February 5, 2013

Millennials and the “tanning effect”

The rise of social media and nontraditional marketing techniques has also strengthened this brand-youth connection.

The Internet is everywhere — seeping into conversations, bulging out of jean pockets and trembling in the hands of nearly half of the American population. Never in history has access to information been so readily available; never has the information itself been so torrential. One side effect of all this interconnectivity: It has left the youth of first-world countries with ADD. Their attention spans have been cut in half and their efforts to find something engaging usually leave them numb.

Given this bleak reality, how can an advertiser or brand get the attention of the Millennials?

We’ve all seen how, with just one photo in the press, celebrities can set trends. This is especially true right now in hip-hop culture. Adidas, Tommy Hilfiger, Sprite, Cristal and Range Rover are all brands that have gained popularity and success because of the culture’s influence on consumers. Not only have hip-hop artists gotten ordinary people to follow their fashions, they’ve helped some brands connect with an audience that would’ve been unreachable otherwise — Millennials like me. The rise of social media and nontraditional marketing techniques has also strengthened this brand-youth connection.

The “tanning effect” — a term coined by Steve Stoute, brand marketing executive and founder of Translation LLC — refers to the blurring of cultural and demographic lines that is giving young Americans the same “mental complexion” based on shared experiences and values. Because Millennials can access other cultures (e.g., hip-hop) so readily through the media, we can be easily influenced. Subsequently, marketers are no longer targeting a specific race, but rather a collective mind-set. Brands need to understand the concept of “tanning” to successfully connect with young consumers across the socioeconomic spectrum.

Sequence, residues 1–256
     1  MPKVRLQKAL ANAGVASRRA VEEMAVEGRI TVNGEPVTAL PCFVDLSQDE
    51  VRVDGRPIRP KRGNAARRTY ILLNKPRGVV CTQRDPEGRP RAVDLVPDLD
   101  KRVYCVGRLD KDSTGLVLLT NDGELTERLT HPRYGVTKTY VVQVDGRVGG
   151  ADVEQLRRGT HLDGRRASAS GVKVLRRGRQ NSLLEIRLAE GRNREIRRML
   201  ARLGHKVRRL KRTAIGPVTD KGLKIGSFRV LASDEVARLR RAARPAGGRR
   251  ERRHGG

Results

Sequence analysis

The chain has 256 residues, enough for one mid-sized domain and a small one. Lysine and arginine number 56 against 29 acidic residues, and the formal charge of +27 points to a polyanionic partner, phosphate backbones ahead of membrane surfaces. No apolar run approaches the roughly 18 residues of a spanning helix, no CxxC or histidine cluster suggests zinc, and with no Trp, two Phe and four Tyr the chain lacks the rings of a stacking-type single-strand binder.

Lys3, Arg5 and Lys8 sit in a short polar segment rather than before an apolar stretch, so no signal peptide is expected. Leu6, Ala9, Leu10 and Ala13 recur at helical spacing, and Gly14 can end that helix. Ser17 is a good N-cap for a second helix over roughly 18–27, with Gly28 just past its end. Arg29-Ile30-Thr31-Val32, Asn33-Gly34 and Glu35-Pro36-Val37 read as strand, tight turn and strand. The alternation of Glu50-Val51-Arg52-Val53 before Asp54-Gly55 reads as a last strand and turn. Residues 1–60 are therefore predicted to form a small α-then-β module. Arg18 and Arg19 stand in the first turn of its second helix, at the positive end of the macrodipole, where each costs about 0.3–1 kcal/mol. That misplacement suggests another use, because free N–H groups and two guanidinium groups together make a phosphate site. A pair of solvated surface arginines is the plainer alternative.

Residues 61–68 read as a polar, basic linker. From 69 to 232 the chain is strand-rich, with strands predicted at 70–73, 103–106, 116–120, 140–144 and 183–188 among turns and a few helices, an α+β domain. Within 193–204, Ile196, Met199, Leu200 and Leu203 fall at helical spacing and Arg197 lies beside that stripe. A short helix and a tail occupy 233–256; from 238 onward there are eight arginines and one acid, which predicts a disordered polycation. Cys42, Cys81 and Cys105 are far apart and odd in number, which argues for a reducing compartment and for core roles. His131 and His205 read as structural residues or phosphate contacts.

How? The most common strategy is to simply pay a celebrity to represent the brand in the media. But unless you have millions of dollars to spend on a marketing campaign, this isn’t always feasible. Let’s stick to the basics:

  • A brand needs to be authentic. Always stay true to your brand identity. Consumers, especially young people, can spot a fake and hate being marketed to.
  • Do your research. Millennials appreciate when you take the time to get to know who we really are. Even though we have similar thought processes when it comes to purchasing things, we also have different personalities and values.
  • And finally, be original. Stay far away from cookie-cutter campaigns and things that seem cool. Be subtle in your approach; we can always tell when you’re trying too hard.
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